Your nonprofit likely takes up a lot of your time, and you might not have a huge staff to delegate responsibilities to. So, taking the time to use online platforms might not seem like the best use of your time.
However, platforms like LinkedIn can be great for nonprofits, especially for connecting with people interested in your cause, inspiring them to take action, and even hiring new employees.
You’ll have to dedicate a bit of time to use it, but it’ll pay off in the end. Read on to use this piece as a guide for creating a LinkedIn page for your nonprofit.
Table of Contents:
How to Create a LinkedIn Page for a Nonprofit Organization
Creating a LinkedIn Page for your nonprofit helps people interested in your cause discover you, learn about your mission, and interact with you on the platform. It can also help you attract new employees if you post job openings.
Let’s go over how you can create one.
1. Navigate to LinkedIn Pages or LinkedIn.com
LinkedIn Pages is the platform’s native tool for creating a page. If you start from this site, click “Create your Page” on the Pages page.
You can also start from LinkedIn.com, which is a great option if you already have a LinkedIn Profile. To do this within your profile, tap the “Work” button in the navigation header and click “Create a Company Page+” at the bottom.
2. Select your page type.
As a nonprofit, a best practice is to select “Company.”
3. Describe your page.
The next step is to input identifying information. This includes your nonprofit’s name and an optional link to your website (sharing one can help people find you on other platforms).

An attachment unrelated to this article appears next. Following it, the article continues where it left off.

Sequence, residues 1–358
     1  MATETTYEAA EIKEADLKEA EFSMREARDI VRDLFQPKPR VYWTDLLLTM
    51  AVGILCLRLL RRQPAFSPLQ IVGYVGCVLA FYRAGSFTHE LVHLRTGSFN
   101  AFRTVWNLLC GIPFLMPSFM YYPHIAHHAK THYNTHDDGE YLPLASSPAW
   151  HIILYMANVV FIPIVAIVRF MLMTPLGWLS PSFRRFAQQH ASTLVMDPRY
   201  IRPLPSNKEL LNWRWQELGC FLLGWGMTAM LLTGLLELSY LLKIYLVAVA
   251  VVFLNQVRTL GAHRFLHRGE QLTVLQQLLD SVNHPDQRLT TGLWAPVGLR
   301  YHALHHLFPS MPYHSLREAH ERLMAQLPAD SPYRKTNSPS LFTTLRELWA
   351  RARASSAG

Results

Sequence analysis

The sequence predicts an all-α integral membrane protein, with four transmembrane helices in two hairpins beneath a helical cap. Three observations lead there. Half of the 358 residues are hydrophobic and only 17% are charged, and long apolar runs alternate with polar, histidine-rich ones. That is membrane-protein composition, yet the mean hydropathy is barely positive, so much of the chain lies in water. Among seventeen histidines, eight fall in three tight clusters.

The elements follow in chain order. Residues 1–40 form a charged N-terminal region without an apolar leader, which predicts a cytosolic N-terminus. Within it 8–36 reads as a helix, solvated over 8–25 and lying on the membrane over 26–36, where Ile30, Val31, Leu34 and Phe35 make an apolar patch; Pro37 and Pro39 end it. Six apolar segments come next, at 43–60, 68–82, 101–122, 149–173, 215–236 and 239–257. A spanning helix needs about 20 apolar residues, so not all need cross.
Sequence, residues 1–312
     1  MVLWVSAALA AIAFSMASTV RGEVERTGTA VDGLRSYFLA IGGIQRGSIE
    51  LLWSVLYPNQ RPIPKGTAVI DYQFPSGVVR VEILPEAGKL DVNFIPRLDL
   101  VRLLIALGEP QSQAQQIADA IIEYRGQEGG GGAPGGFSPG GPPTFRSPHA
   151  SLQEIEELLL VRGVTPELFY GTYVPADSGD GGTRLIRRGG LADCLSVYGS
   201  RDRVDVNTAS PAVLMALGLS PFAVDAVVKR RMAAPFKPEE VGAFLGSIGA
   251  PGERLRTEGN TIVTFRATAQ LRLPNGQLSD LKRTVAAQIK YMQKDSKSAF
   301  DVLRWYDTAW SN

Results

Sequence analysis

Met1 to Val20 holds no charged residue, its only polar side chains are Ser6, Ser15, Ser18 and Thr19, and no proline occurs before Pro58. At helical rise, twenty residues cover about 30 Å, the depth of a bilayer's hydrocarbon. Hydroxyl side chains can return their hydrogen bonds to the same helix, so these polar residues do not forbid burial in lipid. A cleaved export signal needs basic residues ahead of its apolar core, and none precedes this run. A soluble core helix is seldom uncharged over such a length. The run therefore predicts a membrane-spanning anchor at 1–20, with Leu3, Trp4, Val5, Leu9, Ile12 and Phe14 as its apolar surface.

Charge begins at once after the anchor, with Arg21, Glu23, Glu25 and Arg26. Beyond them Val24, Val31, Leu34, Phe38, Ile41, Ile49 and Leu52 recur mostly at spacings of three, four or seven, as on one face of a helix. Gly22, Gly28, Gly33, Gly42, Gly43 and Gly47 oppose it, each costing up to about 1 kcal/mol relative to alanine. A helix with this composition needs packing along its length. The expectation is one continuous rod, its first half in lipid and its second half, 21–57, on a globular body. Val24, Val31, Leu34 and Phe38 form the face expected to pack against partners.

You also have to create a unique URL; if it’s available, aim to make it your org name. For example, if you’re Save The Environment, your URL could be savetheenvironment.
4. Add identifying company details.
In the company details section, input your industry, company size, and company type, which is where you’ll note that the page is for a nonprofit.
You can also add unique identifying elements to your pages, like your logo and a brief tagline to describe your mission.
5. Preview and launch your page.
Once you’ve added all your info, preview your page to ensure you’re happy with how it looks, and make any changes if you aren’t.
When you’re satisfied, click “Create Page,” and note that you’ll be asked to verify that you’re an authorized representative of the nonprofit before the page goes live.
6. Share your nonprofit story.
After you’ve created your page, you can add more information about your story to inspire engagement and help people learn more about you.
You can add an “About Us” section, go more in-depth into your story and how you came to be, and even include a CTA to activate readers and inspire them to take action with your cause.
It’s also important to add your location, so people know where you are if they’re interested in volunteering. A unique cover photo can capture attention.
Now that you’ve created your page let’s go over how you can use it.
How to Use LinkedIn for Nonprofits
1. Share interesting content.
A great way for nonprofits to generate engagement and interaction is to share content. It will help people learn more about your operations, upcoming events, and volunteer opportunities.
LinkedIn says that pages that post daily get 2x the engagement. If you’re a smaller nonprofit, 2x daily might not be in your bandwidth, so aim to be as active as possible.
Some content ideas to share on LinkedIn are:
- Images and videos of events, like fundraisers, to show how events have gone and inspire others to participate in the future.
- Links to fundraisers or other donation opportunities.
- Information about upcoming events and programming, like volunteer opportunities.
- Educational content about your nonprofit niche to help people learn more about your cause, why it’s important, and why they need to get involved.
- Content that shows your impact, like the results of a beach cleanup.
- Employee spotlights so people can learn more about who runs your operations.
- Job opportunities so those interested in investing more time in your cause can do so.